Ian Weightman

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Getting the bigger pictures of The Yorkshire Wolds

David Hockney has helped to put the Yorkshire Wolds onto the tourism map of Great Britain.  But for all that, there’s an even bigger picture of “A Bigger Picture” still waiting to be explored.

You only need drive across, through and around The Yorkshire Wolds once to realise both its scale, and hidden depths.

Sweeping fields, dominant woodlands, rolling hills, wide-open spaces, scattered villages and market towns punctuate the landscape in such a way that it’s hard to argue with the guide books’ comment that “The Yorkshire Wolds are nothing short of stunning”.

Add to that the fact that you can drive for several miles without passing another car, and there’s a whole new vocabulary to call upon: quiet, undiscovered, peaceful and somehow incredibly English.

Hit the right day, when the sun is shining and the colours of the golden fields and verdant landscapes are at their best, and it’s difficult to image yourself find a nice part of the British countryside.

Technically, of course, it forms the northern-most part of a chalk belt witch actually runs all the way from the English Channel, to finish in an impressive climax on the East Yorkshire coast, at Flamborough Head.

And such is the beauty of the area that it has inspired numerous poets, writers and artists - not least, the world-renowned David Hockney, who has produced a collection of art which took centre stage in The Royal Academy of Arts’ “A Bigger Picture” exhibition at the start of the year.  Those images of his favourite stomping ground have themselves inspired a growing number of visitors to the area - and word-on-the-street is that still more will come once his paintings have been on show in Bilbao and Cologne.

But there’s plenty of room up here.  And any number of ways of exploring the countryside - especially now that the local tourist board has produced a new set of walks (“Walk the Wolds”) and a series of bicycle trails (“Big Sky Bike Rides”).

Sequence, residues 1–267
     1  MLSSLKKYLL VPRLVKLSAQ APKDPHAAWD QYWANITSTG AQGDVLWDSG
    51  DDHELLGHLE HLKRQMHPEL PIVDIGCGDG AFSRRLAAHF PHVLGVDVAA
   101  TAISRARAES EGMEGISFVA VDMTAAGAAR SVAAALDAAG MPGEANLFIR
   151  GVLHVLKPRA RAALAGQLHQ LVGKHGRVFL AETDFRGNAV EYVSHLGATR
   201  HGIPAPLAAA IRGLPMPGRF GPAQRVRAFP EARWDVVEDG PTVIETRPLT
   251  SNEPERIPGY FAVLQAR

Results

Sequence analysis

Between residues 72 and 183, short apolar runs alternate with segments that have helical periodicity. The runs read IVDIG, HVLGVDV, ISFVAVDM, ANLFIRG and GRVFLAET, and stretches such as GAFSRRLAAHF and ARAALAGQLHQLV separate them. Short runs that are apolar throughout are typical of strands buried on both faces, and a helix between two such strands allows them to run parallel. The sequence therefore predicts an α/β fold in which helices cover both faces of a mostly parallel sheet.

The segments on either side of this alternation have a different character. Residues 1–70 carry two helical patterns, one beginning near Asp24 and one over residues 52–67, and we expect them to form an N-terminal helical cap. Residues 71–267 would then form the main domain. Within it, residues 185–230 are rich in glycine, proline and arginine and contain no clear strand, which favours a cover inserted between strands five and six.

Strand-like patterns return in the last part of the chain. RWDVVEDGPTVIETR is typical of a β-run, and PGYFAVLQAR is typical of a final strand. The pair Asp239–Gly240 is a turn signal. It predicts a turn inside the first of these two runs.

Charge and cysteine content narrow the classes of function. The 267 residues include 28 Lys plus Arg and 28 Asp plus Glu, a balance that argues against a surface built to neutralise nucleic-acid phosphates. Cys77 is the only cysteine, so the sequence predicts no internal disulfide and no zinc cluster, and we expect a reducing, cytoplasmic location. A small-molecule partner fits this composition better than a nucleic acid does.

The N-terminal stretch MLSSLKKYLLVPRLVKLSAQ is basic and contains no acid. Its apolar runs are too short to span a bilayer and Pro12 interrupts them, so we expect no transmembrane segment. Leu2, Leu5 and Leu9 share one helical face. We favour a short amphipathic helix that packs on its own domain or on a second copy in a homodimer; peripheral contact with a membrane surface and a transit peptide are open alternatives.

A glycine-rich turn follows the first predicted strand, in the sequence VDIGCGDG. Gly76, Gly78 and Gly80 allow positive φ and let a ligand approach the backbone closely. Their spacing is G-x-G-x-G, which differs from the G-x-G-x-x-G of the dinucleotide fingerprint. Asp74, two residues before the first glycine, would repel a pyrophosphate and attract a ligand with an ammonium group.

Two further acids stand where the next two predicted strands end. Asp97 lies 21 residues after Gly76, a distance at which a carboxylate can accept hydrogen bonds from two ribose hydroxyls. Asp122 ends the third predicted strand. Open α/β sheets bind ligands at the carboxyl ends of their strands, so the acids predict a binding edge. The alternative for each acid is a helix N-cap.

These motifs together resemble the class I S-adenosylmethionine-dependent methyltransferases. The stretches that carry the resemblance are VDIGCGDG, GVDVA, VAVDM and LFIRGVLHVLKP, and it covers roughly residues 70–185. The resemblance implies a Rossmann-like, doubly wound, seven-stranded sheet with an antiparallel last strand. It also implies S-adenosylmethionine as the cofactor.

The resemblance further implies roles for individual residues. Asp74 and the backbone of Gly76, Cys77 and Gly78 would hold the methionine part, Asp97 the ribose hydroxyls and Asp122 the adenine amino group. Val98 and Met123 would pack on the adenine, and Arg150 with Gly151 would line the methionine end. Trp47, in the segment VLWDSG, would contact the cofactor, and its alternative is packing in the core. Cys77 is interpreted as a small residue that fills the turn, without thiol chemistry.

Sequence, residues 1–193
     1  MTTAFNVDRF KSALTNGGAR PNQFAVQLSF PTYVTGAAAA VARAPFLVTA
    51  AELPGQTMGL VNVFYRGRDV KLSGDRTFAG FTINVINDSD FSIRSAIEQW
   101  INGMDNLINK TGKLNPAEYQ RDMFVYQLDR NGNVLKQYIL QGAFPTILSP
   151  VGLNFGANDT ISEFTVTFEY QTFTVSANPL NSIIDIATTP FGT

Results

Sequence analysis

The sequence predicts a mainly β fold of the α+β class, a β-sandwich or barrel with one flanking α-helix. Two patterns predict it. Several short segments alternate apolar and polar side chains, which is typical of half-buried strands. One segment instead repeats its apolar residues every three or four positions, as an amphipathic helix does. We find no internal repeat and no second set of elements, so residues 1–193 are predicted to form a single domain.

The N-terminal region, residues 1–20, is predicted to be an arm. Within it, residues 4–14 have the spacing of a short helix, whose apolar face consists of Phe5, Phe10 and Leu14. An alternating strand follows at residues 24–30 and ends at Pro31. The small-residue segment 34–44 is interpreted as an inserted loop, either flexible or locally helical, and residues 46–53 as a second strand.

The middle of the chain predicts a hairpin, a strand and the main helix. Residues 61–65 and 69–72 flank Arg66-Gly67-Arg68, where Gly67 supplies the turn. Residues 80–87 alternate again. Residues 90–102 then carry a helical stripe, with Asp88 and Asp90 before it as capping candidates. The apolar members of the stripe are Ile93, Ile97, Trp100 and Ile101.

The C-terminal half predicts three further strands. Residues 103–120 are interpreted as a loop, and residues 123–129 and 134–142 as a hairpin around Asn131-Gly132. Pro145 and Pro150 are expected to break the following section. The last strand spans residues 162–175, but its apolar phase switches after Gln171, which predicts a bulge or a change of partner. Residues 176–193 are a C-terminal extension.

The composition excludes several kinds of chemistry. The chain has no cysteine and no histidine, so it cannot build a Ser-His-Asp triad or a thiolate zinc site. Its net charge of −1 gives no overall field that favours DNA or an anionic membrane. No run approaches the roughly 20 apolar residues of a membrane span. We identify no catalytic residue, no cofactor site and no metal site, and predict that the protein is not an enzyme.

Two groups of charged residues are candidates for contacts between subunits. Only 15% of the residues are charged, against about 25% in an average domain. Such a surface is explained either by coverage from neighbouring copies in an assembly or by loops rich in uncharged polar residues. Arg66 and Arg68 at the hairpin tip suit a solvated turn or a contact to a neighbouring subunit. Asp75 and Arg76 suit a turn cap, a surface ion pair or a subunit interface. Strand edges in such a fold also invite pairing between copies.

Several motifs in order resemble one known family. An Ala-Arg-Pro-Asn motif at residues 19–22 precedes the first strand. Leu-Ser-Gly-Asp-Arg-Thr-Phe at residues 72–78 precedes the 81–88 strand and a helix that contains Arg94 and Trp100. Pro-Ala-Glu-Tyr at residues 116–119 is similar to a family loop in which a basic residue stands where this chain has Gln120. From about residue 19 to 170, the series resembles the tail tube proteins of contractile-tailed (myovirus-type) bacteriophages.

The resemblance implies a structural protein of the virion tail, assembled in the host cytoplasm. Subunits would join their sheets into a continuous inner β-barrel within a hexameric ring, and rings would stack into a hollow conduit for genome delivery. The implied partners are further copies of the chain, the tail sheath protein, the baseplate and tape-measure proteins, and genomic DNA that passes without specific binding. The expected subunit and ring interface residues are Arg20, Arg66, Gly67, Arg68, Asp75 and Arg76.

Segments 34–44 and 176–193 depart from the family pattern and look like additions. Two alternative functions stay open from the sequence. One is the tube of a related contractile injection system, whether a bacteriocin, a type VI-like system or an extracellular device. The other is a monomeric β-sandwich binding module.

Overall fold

The best tip is to make somewhere like Beverley to the south, or Malton in the north, the base for your stay.  And then set out to explore the market towns of Driffield, Pocklington and Market Weighton, and historic villages such as Cherry Burton, Leconfield, Etton, South Dalton, Watton, Bishop Burton and Walkington.

You’re likely to find plenty of refreshments available in the traditional inns and pubs, not to mention some hungry ducks in the village ponds, along the way.  As well as some little-known facts….

Look out for Millington Pastures Valley, for example - a narrow road with wildflowers on the hillsides which was shared by farmers for sheep grazing; the Giant Bradley Heritage Trail in Market Weighton which follows in the footsteps of England’s tallest man, William Bradley, born in 1787; the “lost villages” of Wharram Percy and the Hamlet of Eske; the meteorite on the outskirts of Wold Newton which crashed to earth on December 13th, 1795; and the Sykes Churches – the 15 churches of the Wolds rebuilt by the Victorian landowner Sir Tatton Sykes.

And if you happen to time your visit right, you could even watch the oldest horse race in England, at Kiplingcotes, where the Kiplingcotes Derby has taken place every year since 1519!

For more details, visit the Visit Hull and East Yorkshire website.


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